I really enjoy Audible.com, it's a great way to spend my commute. Between Audible.com content and Podcasts, I listen to stuff that I find interesting.

Hope this helps.

Brian

Last edited by ballistic; 07-05-2005 at 03:49 PM.
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Old 07-05-2005, 04:03 PM   #3
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Quote:
Originally Posted by BobR
I'm curious.
Is anyone using Audible.com, especially on a PalmOS device?

And a few questions that people must be wondering about in addition to me...

(1) How's the player? Would I want to use it to play mp3 ebooks that I didn't purchase through Audible, or does it make more sense to use something like Pocket Tunes?

(2) Is the Audible software necessary on a handheld at all? I.e. Are all Audible downloads available in .mp3 form that can be played on any mp3 player?

(3) What kind of books are most appropriate for the audio format? (Novels, best sellers, magazines, newspapers, etc.)
I've been using Audible shortly after I got my Palm in Oct 2003 and have been a regular user of their Wall Street Journal daily edition and occasionally some audio books.

1 - The player is only to play and manage your Audible files as ballistic has already mentioned.

2 - Yes, you need the Audible player on the handheld to play your Audible books. Other mp3 or audio players won't be able to play it since it is encrypted. Even if you own an Audible book and try to give the file to someone with an Audible account, I don't think your friend will be able to play it since it's encrypted only for your use. No. They are in .aa format and can't be converted legally into mp3. Your best bet is to burn the highest quality format onto CDs and then rip and encode them into mp3s or other compressed audio formats.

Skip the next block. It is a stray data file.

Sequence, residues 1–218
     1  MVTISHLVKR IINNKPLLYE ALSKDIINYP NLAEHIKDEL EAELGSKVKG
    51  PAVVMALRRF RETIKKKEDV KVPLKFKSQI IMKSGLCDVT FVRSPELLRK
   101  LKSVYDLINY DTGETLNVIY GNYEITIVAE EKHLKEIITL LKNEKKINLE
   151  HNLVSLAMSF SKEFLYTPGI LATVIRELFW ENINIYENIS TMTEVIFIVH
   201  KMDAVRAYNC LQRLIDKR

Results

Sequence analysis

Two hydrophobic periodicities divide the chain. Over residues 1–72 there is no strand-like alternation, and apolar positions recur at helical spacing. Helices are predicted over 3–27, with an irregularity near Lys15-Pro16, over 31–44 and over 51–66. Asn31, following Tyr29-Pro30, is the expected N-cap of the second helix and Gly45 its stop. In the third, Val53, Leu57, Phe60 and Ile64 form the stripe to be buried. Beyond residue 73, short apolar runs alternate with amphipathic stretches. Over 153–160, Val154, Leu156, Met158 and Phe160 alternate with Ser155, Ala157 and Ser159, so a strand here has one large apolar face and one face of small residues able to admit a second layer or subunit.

3 - Audible comes in various file formats (1 - 4) that vary from AM quality (1) and higher (4), but obviously, higher quality also means a bigger file size. I have to say that the quality isn't that great, but for me, since I usually listen to a daily periodical like the WSJ, it's not a big deal for me, but for an audio book, you may want to think about it.

A good idea is to at least listen to the audio sample of the specific book you are interested in to determine whether the narrator's tone and speaking voice is acceptable as well as what the book "sounds" like.

The good thing about Audible is that once you've purchased the book it's yours for life, even if you don't purchase any more books from them. Simply log back in with your login id and password and you can access it again.

Sometimes the software may get a bit buggy when trying to download and transfer the files from computer to Palm (I simply exit the Audible Manager app and the Audible app on the Palm and start over). Most times, it will be okay and will transfer properly. If not, you can always transfer to your card reader and then put the card in the Palm, add a few more steps in the process.

I am satisfied with Audible.

Last edited by maceyr; 07-05-2005 at 04:19 PM.